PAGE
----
Dell’Accio says MallTalent complements the ambience at Palisades Center, which features 14 sit-down restaurants, two movie theaters, a hockey rink, and a bowling alley. “Retailers have had much success in partnering with MallTalent,” says Dell’Accio, citing the example of Fire and Ice sponsoring a singing contest at the MallTalent kiosk.
A good fit for malls
For malls, MallTalent is a huge plus because of the various levels of exposure it gets. Not only is there a buzz in the community about the contests, there’s also the online branding, where the mall’s logo is placed above each video, and clicking the link takes the user to the mall’s Web site. “MallTalent is adding value to the mall,” Landis says, “we’re looking at a relationship where we’re equally valued partners.”
In fact, when MallTalent approached the Palisades Center in New York for its first kiosk, the mall management understood that this had the potential to be a huge traffic draw. Retail leases usually contain clauses that prohibit the use of audio and video that’s distracting. “But given the fact that this was a concept they understood very clearly was a traffic builder, they said, ‘This is exactly what we want; we’ll waive the rules,’” says Landis.
The kiosk will be a value addition to the mall itself, and can be a selling point to retailers, he says. The kiosks are plug-and-play, which means that a brand can decide to create a promotional event, give MallTalent the specifications, and have it execute the contest.
Retailers can choose to use the MallTalent kiosk at specific times of the day—perhaps by featuring baby food/clothing brands at noon, and brands catering to juniors (or other demographics) over the weekends.
As for the danger of shoppers hanging out at the kiosk instead of spending dollars at retailers, Landis says that hasn’t been the case. He adds, retailers can conduct contests at MallTalent to direct traffic to their stores. Dell’Accio echoes the sentiment. “We don’t feel that MallTalent has distracted shoppers whatsoever.” If anything, the kiosk acts as a form of entertainment for the shoppers, she adds.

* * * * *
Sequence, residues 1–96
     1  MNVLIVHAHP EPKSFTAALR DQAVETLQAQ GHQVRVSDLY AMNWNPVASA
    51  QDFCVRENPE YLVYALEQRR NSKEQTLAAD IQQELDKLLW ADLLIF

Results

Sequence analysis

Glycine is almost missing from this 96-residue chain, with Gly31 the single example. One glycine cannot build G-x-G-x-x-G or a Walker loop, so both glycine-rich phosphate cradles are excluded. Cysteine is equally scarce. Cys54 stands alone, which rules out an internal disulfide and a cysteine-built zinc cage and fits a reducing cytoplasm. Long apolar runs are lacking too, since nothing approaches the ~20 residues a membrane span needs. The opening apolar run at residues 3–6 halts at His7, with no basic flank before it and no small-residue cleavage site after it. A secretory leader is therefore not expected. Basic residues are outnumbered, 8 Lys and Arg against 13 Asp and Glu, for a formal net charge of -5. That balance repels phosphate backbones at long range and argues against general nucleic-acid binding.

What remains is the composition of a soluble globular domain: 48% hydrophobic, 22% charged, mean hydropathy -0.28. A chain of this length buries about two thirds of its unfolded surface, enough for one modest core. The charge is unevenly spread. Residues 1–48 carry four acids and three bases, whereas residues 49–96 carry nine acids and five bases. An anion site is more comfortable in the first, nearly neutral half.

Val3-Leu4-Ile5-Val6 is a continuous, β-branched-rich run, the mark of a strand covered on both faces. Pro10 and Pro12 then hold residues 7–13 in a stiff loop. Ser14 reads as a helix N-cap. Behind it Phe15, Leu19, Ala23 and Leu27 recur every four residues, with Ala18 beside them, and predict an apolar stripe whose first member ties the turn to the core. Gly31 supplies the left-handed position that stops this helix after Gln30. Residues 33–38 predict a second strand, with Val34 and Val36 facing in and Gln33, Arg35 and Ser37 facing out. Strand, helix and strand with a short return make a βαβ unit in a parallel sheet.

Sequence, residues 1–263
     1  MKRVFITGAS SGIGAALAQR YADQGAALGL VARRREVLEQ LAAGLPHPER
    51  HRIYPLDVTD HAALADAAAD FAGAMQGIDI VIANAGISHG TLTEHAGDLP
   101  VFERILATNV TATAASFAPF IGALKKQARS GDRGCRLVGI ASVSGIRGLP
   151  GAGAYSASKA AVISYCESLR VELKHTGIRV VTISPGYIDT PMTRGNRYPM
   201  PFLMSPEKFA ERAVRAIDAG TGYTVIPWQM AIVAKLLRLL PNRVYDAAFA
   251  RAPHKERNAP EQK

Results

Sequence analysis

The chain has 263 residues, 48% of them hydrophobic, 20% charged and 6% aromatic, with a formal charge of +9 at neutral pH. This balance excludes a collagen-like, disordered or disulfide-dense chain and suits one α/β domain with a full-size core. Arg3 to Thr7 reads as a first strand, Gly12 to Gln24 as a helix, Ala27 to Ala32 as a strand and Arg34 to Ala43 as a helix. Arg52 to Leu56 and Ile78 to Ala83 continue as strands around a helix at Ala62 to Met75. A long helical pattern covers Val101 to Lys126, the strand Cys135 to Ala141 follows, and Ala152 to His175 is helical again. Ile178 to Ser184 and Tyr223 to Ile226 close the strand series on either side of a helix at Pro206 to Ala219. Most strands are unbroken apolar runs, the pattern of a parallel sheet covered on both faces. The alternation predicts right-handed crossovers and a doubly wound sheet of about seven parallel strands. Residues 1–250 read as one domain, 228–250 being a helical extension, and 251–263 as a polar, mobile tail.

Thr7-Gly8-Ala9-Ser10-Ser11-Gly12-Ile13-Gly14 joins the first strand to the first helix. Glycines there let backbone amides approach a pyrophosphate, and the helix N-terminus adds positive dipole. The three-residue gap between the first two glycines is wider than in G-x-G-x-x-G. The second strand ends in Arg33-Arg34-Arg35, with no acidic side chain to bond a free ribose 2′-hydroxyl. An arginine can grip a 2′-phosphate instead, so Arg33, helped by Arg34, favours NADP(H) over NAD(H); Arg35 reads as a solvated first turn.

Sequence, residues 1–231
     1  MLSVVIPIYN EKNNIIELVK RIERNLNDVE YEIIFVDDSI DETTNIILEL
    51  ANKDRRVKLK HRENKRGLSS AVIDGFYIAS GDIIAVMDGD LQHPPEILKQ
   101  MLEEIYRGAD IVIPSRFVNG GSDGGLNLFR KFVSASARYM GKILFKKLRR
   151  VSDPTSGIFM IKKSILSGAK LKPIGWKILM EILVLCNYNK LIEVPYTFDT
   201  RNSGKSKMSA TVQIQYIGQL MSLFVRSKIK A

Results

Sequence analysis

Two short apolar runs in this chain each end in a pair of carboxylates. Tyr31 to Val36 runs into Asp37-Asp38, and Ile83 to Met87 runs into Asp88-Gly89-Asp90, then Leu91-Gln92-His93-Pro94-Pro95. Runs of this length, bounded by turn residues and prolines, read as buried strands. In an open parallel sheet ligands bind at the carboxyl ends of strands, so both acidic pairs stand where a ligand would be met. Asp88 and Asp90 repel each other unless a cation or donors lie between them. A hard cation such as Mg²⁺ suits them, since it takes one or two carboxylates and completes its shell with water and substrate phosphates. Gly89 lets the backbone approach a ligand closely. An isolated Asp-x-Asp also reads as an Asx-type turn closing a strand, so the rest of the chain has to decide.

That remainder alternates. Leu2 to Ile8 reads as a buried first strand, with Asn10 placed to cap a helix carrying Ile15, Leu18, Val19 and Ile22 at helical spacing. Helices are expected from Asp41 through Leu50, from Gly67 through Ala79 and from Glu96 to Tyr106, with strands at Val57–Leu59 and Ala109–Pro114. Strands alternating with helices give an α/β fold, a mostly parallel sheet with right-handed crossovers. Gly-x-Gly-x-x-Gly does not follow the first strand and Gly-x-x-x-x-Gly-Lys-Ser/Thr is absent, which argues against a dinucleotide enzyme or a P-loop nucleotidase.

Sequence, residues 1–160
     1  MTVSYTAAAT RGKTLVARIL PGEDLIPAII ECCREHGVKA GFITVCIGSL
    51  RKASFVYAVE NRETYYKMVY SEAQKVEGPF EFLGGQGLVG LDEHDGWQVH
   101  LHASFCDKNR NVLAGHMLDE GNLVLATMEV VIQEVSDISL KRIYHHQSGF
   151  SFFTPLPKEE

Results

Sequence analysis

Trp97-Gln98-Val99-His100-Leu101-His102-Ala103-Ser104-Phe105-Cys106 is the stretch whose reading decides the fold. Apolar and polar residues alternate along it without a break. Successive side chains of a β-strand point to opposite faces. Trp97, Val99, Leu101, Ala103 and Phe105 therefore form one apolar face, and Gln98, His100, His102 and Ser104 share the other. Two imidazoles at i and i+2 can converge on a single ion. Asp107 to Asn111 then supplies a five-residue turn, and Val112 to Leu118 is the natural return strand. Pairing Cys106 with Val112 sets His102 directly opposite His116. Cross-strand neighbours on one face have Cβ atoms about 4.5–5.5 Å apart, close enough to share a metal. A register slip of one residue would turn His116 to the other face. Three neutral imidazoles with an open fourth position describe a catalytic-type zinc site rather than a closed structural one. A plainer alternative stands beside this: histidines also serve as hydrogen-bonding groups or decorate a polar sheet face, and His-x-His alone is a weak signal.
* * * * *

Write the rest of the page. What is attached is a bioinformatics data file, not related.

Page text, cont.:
And the recent debate about discouraging teens from hanging out at the malls doesn’t faze Landis either. He says that not all contests will be geared toward teens. “We want to be relevant to all demographics,” he says. In the afternoons, for example, the kiosks might run contests for brands that appeal to soccer moms. He notes, the traffic is already there, and MallTalent deftly draws the traffic to their kiosk. “Our job is to engage [the mall traffic] and make them interested in our message.”
Set to grow
MallTalent is looking to go places with its kiosks. The company plans to expand to at least eight large retail markets by the end of 2009. Ensuring a large footprint makes the concept more attractive for national brands, and Landis adds that using MallTalent costs a tenth of what a traditional marketing campaign does.
MallTalent is testing different technology platforms, and is planning to soon launch a concept that allows consumers to immerse themselves in movie scenes—a whole new level of experiential marketing.